Can Technology Improve the Quality of Resuscitation-article-web-assets-hero-705x370-compressed

Can Technology Improve the Quality of Resuscitation?

June 8, 2022
June 8, 2022

High-quality cardiopulmonary resuscitation (CPR) can be a critical life or death determinant, but the last few years have made it clear that retaining, teaching and evaluating the skills required for CPR is perhaps more difficult than healthcare leaders and educators had previously understood. Specifically, accurately evaluating CPR skills can be an enormous challenge for educators.

Recent studies have concluded that the standard recommendation for 4 hours of training every two years for CPR and Automated External Defibrillator (AED) may not be sufficient. The studies cited a substantial deterioration of skills considerably before the two year mark.

Leveraging Technology to Ensure High Quality CPR

So, what is the best way to ensure that CPR skills are being properly taught and assessed across an organization? Do we have an accurate, measurable way to be sure that high-quality CPR can be consistently provided across the entire organization?

Healthcare leaders have multiple options for CPR training: 1) the traditional, instructor-led and instructor-observed classroom model, 2) instructorless models that use online content and manikins to evaluate and reinforce skills or, 3) a blended model that consists of online content with skills verified by an instructor.

First, it is important to understand some of the challenges of assessing the critical components of CPR. Some recent studies show that relying on instructor assessments of these skills can be problematic.

High quality CPR has four key components that educators need to accurately assess:

  1. Are students maintaining adequate chest compression fraction – providing compressions with minimal interruption?
  2. Are students achieving adequate depth (5 cm) and rate (100-120 per minute) of chest compressions?
  3. Are students allowing full recoil by avoiding leaning on the chest?
  4. Are students avoiding excessive ventilation (remaining between 8-10 breaths per minute)?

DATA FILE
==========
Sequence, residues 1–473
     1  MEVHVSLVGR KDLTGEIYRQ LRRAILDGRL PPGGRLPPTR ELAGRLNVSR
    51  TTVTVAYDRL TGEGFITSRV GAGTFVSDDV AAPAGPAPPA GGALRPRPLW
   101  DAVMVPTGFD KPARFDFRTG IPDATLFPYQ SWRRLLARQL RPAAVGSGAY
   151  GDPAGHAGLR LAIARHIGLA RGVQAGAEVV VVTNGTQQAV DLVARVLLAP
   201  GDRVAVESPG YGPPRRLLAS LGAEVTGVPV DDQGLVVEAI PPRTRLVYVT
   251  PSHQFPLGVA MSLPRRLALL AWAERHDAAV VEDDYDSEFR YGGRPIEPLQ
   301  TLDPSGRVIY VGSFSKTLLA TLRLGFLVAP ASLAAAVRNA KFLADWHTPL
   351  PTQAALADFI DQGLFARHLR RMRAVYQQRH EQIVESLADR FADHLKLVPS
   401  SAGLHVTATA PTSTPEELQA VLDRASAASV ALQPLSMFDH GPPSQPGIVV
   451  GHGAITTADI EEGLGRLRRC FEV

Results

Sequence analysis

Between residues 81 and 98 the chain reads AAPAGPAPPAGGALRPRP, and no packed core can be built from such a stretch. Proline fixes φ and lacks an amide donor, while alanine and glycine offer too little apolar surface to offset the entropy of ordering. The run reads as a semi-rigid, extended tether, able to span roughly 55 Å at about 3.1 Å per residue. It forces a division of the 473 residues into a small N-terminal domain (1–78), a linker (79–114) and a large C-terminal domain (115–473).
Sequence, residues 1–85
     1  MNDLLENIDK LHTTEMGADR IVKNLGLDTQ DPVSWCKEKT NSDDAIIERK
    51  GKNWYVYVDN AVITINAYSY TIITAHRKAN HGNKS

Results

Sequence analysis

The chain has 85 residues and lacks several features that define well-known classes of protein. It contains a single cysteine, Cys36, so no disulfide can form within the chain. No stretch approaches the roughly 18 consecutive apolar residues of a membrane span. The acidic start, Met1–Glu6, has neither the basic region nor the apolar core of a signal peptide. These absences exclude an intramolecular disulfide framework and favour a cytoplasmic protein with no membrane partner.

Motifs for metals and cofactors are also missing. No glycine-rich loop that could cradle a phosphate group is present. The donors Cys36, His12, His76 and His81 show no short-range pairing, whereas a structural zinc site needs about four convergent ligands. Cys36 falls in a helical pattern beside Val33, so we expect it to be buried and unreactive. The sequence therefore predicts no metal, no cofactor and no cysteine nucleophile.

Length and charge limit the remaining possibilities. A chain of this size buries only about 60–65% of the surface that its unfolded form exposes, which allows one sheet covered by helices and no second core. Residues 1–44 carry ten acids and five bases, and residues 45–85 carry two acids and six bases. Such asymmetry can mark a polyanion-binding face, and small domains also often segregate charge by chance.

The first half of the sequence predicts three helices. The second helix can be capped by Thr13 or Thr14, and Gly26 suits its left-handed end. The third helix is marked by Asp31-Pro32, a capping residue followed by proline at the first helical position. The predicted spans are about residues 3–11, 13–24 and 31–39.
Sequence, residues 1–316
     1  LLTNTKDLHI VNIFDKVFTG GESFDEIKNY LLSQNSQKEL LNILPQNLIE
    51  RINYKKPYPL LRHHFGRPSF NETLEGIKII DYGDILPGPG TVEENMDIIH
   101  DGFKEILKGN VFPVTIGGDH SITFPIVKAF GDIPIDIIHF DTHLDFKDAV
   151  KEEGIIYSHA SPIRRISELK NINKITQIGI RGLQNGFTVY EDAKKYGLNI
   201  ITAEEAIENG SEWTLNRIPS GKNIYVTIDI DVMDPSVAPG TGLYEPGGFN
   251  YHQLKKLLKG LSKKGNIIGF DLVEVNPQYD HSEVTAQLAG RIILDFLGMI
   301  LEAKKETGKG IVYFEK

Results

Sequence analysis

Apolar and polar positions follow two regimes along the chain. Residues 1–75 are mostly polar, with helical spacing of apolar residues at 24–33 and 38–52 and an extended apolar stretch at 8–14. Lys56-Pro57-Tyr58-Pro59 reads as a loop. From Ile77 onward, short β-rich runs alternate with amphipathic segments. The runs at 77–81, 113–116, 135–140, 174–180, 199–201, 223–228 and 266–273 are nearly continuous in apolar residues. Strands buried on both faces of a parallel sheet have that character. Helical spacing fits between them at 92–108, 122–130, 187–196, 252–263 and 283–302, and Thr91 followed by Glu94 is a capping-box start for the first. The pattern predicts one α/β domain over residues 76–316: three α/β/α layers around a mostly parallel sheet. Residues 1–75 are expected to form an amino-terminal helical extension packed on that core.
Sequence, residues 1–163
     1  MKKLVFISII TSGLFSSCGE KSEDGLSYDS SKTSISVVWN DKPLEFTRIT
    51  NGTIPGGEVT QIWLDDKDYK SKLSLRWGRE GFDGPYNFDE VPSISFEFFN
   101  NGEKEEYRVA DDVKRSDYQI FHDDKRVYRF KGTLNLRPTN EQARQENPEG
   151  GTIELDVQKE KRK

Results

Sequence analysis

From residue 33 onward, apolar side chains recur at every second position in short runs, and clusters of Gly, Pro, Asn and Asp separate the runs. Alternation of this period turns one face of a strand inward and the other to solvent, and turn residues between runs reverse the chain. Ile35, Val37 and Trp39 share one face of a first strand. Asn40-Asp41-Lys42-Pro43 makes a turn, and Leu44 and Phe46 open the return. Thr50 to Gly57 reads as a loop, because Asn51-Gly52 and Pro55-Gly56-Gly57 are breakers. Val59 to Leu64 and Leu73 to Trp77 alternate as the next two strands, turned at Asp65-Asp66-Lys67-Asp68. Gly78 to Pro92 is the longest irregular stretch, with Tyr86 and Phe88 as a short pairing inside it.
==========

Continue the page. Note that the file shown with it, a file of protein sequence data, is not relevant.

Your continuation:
Studies suggest that manikins that can provide accurate feedback on all four key measures could be part of the solution in driving accuracy and consistency when a cardiac emergency occurs.

Evaluation Metrics

When taking a closer look at instructor-led performance and the efficacy of instructor evaluation, it is important to understand how instructors perform on some key metrics. First, the metrics themselves - in order to best understand performance, it is important to look at instructor sensitivity and instructor specificity.

Instructor sensitivity is when the instructor accurately “passes” a learner on an assessment that should have passed as judged by objective manikin data. As an example, think of compression depth. If 60 learners perform compressions in the correct depth range as judged by a manikin, and the instructor passes 55 of the 60, instructor sensitivity would be 0.92. Instructor sensitivity is the proportion of the learners that were accurately passed by the instructor that should have passed based on an objective measure.

Instructor specificity is the accuracy in “failing” learners that should have failed on an assessment when compared to an objective criterion such as manikin data. For example, if 100 assessments were judged by manikin data to fail and the instructor failed 25 of them, instructor specificity is low—it would be 0.25.

Is it Possible to Accurately Assess Key CPR Performance Metrics?
A 2016 Danish study helped bring the challenges of accurate CPR skills assessment into sharper focus. (Hansen, 2019) The purpose of the study was to “investigate certified BLS instructors’ assessment skills in terms of identifying adequate and improper performances of chest compressions and rescue breathing.” (p. 281)

After completing a four-hour training course, all learners were assessed using a manikin. In addition, two instructors also assessed learners. The differences between the two assessments was striking. The manikin’s pass rates on the four critical components of CPR was dramatically lower for every measure.

Instructor/Manikin Pass Rate Graph

From these results, Danish researchers made these conclusions:

  • Instructors were very good at passing learners that performed in correct ranges; however, they did a very poor job in identifying learners that performed outside of acceptable ranges.